by Pete Schoeninger
Published in Midwest Flyer – February/March 2017 issue
Q: Pete, I saw a picture of an Ercoupe on skis. I have NEVER seen an Ercoupe on skis, so are skis approved for Ercoupes?
A: If you do an Internet search for Ercoupe type certificate data sheets, you will see that skis (Federal 1500) are allowed on Ercoupe model 415C. But interestingly, skis were not approved on the heavier 415D model at the time of certification.
There are many airplanes flying on skis where ski installation was not approved by the airframe company and the FAA. In this case, usually the ski manufacturer will obtain a Supplemental Type Certificate (STC) from the FAA, granting authority to install a particular make and model ski. Or in some cases (Cessna 170, for instance), the manufacturer will certify one make and model of ski when the airplane is certified. Later, ski manufacturers can (and have gotten) their skis approved.
Q: Have you ever landed on a frozen lake with skis or wheels? What should I know before I try it?
A: Yes, both. Be very careful. Check with some local pilots if at all possible and be very careful and walk the area you plan on landing on to look for hazards. Check with local pilots, ice fishermen, conservation wardens, snowmobilers, etc., who can warn you about springs or currents which may be hidden beneath very thin ice. Look on Facebook for “Midwest skiplanes,” and talk to them and go to one of their gatherings. And if you do venture out, be sure to have a life preserver onboard, if not wearing one, and hone up on some emergency egress procedures, so you can quickly get out of your aircraft and out of the cold water should you break through the ice. It is just a matter of minutes before hypothermia can incapacitate you.
Q: In my Cessna 210, when I make my first power reduction from take-off to climb, the cylinder head temperature (CHT) and oil temperature gauges will reduce a little. But the exhaust gas temperature (EGT) gauge does not drop. Why?
A: There is not enough room to explain all of the ramifications, so you should spend some time with your engine owner’s manual. In a nutshell, at takeoff power, you are running full power and full rich. At first power reduction to climb power, you lean fuel flow a little with your fuel flow gauge. Reducing power and leaning mixture (from very rich, to rich) just a little changes exhaust volume, but maybe not exhaust gas temperature. This situation will vary with makes and models of engines and airframe installations.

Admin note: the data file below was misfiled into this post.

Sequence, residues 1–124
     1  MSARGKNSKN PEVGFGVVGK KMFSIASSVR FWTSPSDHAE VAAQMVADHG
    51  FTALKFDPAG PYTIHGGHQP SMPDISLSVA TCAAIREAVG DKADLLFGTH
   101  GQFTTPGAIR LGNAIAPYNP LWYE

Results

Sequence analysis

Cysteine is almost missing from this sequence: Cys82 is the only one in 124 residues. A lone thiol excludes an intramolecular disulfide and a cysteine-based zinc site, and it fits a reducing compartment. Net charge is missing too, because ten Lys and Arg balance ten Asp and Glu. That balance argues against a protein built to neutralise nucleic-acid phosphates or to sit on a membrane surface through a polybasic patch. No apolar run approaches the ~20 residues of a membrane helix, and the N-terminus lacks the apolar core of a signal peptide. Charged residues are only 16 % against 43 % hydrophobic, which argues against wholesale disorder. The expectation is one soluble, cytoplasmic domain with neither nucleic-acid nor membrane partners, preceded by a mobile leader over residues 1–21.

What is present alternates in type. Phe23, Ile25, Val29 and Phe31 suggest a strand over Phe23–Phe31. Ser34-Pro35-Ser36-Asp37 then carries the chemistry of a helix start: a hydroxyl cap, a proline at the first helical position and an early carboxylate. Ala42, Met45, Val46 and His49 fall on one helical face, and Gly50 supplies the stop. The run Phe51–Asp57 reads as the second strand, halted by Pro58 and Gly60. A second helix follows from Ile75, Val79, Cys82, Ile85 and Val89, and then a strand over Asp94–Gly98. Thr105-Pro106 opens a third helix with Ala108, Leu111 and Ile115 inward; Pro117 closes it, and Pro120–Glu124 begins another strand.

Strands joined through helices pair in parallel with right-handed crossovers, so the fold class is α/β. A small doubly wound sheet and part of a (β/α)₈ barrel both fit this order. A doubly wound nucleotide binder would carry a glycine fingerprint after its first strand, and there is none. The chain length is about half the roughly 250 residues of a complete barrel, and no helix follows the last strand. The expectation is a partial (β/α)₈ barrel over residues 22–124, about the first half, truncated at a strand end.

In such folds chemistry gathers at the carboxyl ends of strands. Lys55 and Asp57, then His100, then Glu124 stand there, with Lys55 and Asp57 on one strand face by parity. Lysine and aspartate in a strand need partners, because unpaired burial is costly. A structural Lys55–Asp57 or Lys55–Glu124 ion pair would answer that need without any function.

Q: The engine in my 1978 Cessna 172 (Lycoming 0-320 H2AD) holds 6 quarts of oil. The engine owner’s manual specifically states that the minimum safe oil quantity is 2 quarts. But my mechanic and CFI tell me I should always have at least 5 quarts in the engine. Oil is not cheap…why carry more than necessary?
A: I agree with your mechanic and CFI for many reasons. Some conclude, if for some reason you develop a small oil leak, you can run for awhile before running out of oil, and hopefully get to an airport or at least a suitable emergency landing place. Engine oil helps remove engine heat, and more oil means oil can cool a little more before it is recycled thru the engine, again meaning lower oil temperatures.
Q: I have noticed that rural airport ramps and runways seem to have more snow and ice, and it seems to stay longer than on nearby streets. Why?
A: Three reasons: 1) Sometimes corrosive materials, like rock salt, are used heavily on roads to melt snow and ice, but are NOT used on runways because salt corrodes aluminum. 2) Almost any road has lots more car traffic (which compresses and melts snow and ice) than airplane traffic on a runway or ramp. 3) Relatively few voters use the airport, but everyone uses local roads, so there may be more political pressure to do a real good job on roads before airport plowing gets underway.